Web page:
SANTA CLARA, Calif., April 24, 2019 -- Hitachi Vantara, a wholly owned subsidiary of Hitachi, Ltd. (TSE: 6501), today introduced new Data Protection-as-a-Service from Hitachi.
HOLLAND, Mich., April 23, 2019 /PRNewswire/ -- Crestview Partners ("Crestview") and Hitachi, Ltd. ("Hitachi") today announced that they have entered into a definitive agreement for Hitachi to acquire JR Automation Technologies, LLC ("JR") for $1.425 billion. JR is a leading provider of intelligent automated manufacturing and distribution technology solutions headquartered in Holland, Michigan. JR designs, builds, and programs custom advanced automation solutions for customers to help solve their key operational and productivity challenges.
ABB Chief Executive Ulrich Spiesshofer has quit the Swiss industrial group as the board and major shareholders look for a speedier turnaround at the maker of industrial robots and supplier of factory automation. Spiesshofer's abrupt exit follows the launch of the biggest overhaul in ABB's 31-year history to reposition the company more towards digital industries and agreeing to activist shareholder demands to sell its power grids business. Time ran out for Spiesshofer, who has led ABB since September 2013, following a conference call between board members on Tuesday evening.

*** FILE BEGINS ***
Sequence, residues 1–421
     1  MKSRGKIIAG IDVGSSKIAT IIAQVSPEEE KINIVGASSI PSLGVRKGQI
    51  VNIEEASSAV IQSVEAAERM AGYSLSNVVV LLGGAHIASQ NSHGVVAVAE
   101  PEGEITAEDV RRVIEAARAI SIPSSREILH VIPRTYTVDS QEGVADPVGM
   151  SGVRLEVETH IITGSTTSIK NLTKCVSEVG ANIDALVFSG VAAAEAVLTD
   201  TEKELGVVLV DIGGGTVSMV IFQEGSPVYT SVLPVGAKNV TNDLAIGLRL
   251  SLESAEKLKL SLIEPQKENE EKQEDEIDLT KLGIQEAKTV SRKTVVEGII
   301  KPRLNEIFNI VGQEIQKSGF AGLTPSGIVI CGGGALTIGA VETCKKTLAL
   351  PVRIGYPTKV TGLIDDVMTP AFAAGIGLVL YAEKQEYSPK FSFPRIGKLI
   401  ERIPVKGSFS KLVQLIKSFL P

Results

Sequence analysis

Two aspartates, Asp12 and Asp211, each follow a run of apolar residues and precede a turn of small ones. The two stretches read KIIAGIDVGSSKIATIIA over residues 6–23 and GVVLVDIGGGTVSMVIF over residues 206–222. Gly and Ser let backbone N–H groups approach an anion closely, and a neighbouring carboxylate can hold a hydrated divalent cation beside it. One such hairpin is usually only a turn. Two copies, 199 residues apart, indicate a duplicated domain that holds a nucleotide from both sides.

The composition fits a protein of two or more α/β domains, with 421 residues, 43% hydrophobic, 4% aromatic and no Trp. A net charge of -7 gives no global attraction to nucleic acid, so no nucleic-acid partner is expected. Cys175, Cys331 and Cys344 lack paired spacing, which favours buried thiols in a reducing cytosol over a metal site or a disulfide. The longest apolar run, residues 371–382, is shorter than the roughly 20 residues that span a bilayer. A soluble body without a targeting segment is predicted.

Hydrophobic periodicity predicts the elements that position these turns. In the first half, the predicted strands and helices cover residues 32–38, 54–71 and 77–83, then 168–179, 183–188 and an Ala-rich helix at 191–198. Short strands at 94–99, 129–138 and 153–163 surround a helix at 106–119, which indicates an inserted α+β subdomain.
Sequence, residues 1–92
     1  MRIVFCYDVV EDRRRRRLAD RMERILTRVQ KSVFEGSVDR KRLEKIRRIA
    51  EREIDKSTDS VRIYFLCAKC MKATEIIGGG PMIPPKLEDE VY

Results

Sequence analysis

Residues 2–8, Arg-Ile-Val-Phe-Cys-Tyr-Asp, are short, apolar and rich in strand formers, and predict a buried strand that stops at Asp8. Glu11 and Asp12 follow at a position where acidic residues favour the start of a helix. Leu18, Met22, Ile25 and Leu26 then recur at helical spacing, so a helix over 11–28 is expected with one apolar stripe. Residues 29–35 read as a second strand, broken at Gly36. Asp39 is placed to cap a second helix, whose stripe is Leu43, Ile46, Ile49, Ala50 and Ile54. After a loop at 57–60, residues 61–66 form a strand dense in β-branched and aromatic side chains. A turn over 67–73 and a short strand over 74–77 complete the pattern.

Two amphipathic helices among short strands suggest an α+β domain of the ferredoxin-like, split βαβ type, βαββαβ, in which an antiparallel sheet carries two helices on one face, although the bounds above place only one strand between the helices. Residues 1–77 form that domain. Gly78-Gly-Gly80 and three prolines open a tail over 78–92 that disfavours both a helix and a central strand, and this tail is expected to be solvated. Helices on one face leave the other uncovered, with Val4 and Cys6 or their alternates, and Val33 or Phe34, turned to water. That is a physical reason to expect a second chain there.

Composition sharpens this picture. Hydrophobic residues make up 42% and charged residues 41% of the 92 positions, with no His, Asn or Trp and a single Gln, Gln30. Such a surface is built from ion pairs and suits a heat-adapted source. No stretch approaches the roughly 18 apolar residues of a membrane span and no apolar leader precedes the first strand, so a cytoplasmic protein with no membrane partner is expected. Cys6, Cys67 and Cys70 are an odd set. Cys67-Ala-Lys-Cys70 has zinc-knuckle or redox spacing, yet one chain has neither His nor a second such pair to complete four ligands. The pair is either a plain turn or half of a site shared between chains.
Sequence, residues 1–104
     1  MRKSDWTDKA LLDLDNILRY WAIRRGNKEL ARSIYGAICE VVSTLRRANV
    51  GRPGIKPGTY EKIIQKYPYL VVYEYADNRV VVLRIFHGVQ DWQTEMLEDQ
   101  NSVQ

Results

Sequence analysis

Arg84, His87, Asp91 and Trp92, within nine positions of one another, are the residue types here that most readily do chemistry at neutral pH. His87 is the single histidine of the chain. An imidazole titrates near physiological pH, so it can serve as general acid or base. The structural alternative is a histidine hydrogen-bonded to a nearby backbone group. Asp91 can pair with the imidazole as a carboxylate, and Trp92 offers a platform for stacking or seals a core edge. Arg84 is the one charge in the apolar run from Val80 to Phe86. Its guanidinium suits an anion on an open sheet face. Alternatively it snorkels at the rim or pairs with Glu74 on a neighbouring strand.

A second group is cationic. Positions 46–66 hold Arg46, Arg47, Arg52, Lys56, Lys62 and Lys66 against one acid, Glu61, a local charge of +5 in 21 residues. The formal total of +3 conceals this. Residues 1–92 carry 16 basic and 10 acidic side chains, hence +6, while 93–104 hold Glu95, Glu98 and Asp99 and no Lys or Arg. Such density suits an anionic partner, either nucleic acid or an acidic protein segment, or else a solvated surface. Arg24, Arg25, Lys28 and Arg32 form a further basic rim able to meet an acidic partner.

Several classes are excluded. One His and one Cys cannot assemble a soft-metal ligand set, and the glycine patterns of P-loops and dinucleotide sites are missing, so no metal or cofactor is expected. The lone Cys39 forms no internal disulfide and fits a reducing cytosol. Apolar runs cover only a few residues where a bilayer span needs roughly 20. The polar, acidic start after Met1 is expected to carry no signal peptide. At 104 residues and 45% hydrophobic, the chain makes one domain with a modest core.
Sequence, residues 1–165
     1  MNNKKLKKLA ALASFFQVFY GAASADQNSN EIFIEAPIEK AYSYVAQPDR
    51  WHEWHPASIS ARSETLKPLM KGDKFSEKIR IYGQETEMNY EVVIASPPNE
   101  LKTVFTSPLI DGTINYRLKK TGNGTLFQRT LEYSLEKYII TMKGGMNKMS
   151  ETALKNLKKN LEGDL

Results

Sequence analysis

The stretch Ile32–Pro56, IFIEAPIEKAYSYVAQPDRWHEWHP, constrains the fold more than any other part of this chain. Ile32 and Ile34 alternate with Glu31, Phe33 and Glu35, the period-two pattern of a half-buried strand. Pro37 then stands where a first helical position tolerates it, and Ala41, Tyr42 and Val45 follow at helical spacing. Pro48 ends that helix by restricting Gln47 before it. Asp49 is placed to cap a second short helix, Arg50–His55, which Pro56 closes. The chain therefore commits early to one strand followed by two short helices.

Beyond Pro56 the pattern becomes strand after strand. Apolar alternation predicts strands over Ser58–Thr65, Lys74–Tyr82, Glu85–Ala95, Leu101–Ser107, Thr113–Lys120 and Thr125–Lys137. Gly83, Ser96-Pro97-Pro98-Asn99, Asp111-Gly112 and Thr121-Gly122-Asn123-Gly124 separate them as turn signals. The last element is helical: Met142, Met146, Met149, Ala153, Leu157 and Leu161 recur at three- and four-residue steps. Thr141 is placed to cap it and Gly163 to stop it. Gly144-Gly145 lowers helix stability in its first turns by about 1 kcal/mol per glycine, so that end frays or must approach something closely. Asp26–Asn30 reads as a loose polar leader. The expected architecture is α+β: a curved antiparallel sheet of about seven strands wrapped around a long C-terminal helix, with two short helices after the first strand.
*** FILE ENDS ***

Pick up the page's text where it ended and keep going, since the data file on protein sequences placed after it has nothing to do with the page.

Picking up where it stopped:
SANTA CLARA, Calif., April 12, 2019 -- Hitachi Vantara, a wholly owned subsidiary of Hitachi, Ltd. (TSE: 6501), today announced its brand-new, state-of-the-art global.
The flagship of the Trump administration's advanced nuclear power research program could cost up to 40 percent more than a government official estimated earlier this year, a U.S. Department of Energy document shows. Energy Secretary Rick Perry has tried to breathe life into the country's nuclear power industry, which is suffering in the face of competition from plants burning cheap natural gas as well as falling costs for wind and solar power. Perry announced the versatile test reactor, or VTR, in late February, saying it was a "key step to implementing President (Donald) Trump's direction to revitalize and expand the U.S. nuclear industry," and critical for national security.